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Climate climate Man-Made


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by: Sharai Hoekema
the heat is on  drought and the effects of climate change

Last week, some rather disturbing headlines were tossed around in newspapers all around the world. Whilst in the midst of a series of scorching global heatwaves, an international team of scientists warned in a new publication in Proceedings of the National Academy of Sciences that we are headed for a so-called “Hothouse Earth” scenario.

According to them, even if the carbon emission reductions as set forth in the Paris Agreement are met - pledging to limit global warming to 2°C -, chances are that this domino effect will be put in motion.


The Hothouse Earth refers to a scenario where the earth’s climate eventually stabilises at a global average that lies about 4-5°C above pre-industrial temperatures, causing sea levels to rise as much as 10 to 60 meters compared to their current state. The implications of this change are dire: once the precarious scale of our natural balance tips to the wrong side, abrupt and irreversible chances in our environment will be noticeable.

Blue sea water, ice, #climatechange

Image by: Paul Morris, Unsplash

Most importantly: it will create havoc on the world as we know it today. The permafrost will thaw, the Amazon rainforest will wither, as will the boreal forest. The amount of sea ice will decrease dramatically, along with the snow cover in the northern hemisphere. Along with loss of methane hydrates from the oceans and weakening carbon sinks, this will set a process in motion that, at its worst, will render large areas of the world uninhabitable.

Authors are calling for a fundamental societal change in order to maintain a “Stabilized Earth”, as they call it, where temperatures are not higher than 2°C above pre-industrial levels and stable. Not only does this require a cutback in emission of greenhouse gasses, the authors also propose a solution including the enhancement and creation of new biological carbon stores, in the form of better management of forest, agriculture and soil and conservation of natural biodiversity.

lake, forrest, #climatechange

Image by: Ricardo Chiarini, Unsplash


Just pick up any random newspaper or switch on the television, and it is not hard to find evidence for this theory. The tipping point that these scientists refer to appears to be closer than ever, judging by the sheer number and impact of natural disasters.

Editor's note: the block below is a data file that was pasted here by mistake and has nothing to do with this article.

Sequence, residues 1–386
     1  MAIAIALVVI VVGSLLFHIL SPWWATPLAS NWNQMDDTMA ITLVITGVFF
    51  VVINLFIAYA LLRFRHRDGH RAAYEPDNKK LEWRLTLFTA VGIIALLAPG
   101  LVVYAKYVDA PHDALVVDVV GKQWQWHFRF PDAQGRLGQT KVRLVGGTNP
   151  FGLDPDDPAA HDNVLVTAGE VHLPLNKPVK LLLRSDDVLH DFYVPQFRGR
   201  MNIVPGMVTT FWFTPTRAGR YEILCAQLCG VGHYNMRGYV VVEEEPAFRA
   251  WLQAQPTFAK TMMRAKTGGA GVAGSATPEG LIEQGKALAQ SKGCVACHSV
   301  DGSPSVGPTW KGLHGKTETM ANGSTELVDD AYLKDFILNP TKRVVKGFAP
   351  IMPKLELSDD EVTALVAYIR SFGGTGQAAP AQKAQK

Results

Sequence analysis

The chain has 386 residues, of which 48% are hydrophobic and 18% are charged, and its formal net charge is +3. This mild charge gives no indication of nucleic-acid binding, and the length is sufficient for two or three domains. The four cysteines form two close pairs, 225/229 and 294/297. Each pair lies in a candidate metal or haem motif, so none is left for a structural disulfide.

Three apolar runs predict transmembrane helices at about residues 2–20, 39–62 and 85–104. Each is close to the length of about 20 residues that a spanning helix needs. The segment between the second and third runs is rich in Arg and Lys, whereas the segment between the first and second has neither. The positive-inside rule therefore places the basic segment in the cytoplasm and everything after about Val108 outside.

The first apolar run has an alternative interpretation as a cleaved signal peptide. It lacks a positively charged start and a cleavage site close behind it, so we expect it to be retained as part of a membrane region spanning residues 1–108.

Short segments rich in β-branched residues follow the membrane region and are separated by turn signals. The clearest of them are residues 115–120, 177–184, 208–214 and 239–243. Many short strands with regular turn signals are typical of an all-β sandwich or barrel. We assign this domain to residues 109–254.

The summer of 2018 will enter history books as a record-shattering, drought-plagued season. Left and right, national and local heat records were set. Lisbon hit 44°C, while the Mediterranean city of Perpignan recorded a night temperature of 30°C. The USA’s Death Valley boasted a record-breaking average temperature of 42°C in July. Oman was your typical summer holiday destination, providing an agreeable 50°C temperature. The current year is well on pace to become the 4th hottest on record.

Dries, barren soil, #climatechange

Image by: Brad Helmink, Unsplash

While some might thoroughly enjoy the sunshine and warm summer nights, it is an economical disaster for some industries. The continued drought - already described by some as the worst in the last century - has left farmers and rural communities devastated, as their crops are destroyed and animals dehydrated and malnourished. Most countries issued stern warnings and instructions to prevent any water spillage and losses, causing most to look on helplessly as their lawn colours brown and crops wither away. The upcoming harvest is slated to be an absolute nightmare, with individual farmer’s losses adding up to thousands and thousands of euros.

Besides the agricultural devastation, the drought has also led to a number of natural disasters. Only last month, Greece was hit by some of the worst wildfires the world has seen in the 21st century, claiming at least 90 lives and destroying entire cities. Similarly, other areas in Europe and around the world are struggling to prevent wildfires from breaking out and spreading rapidly across the water-deprived areas. California, for example, already victimised by last year’s wildfires, is currently battling a series of raging wildfires that are expected to burn for the remainder of August, making it the largest ever in their history.

For the upcoming weeks, rain has been predicted, eliciting cheers of many. They should, however, be careful not to get too excited. As the contrast between the warmer and colder air is so stark, rain and thunderstorms will be similarly extreme. Huge storms, including hail and heavy winds, will pose another danger to us. From lingering drought to sudden flood damage: it only serves to underline the importance of acting now, and calling a halt to climate change before it is too late.

Woman with blue umbrella in the rain crossing a street, #climatechange

Image by: Craig Whitehead, Unsplash


Some are questioning the methods used in the Proceedings of the National Academy of Sciences publication, calling for some nuance. After all, the assumed domino effect has not been solidly proven, nor has the assumption been tested that the effect could already become irreversible sooner than we think.

Although - while the exact tipping point can be debated, along with the stance that climate change can entirely be reversed if only we take drastic action - the basic idea goes unchallenged. Climate change is real. Just look at what is happening to the world today. And as long as there still is hope that irreversible damage can be avoided, we should do everything within our power to make that happen.

Cover image by: Carlos Alberto Gomez Iniguez, Unsplash

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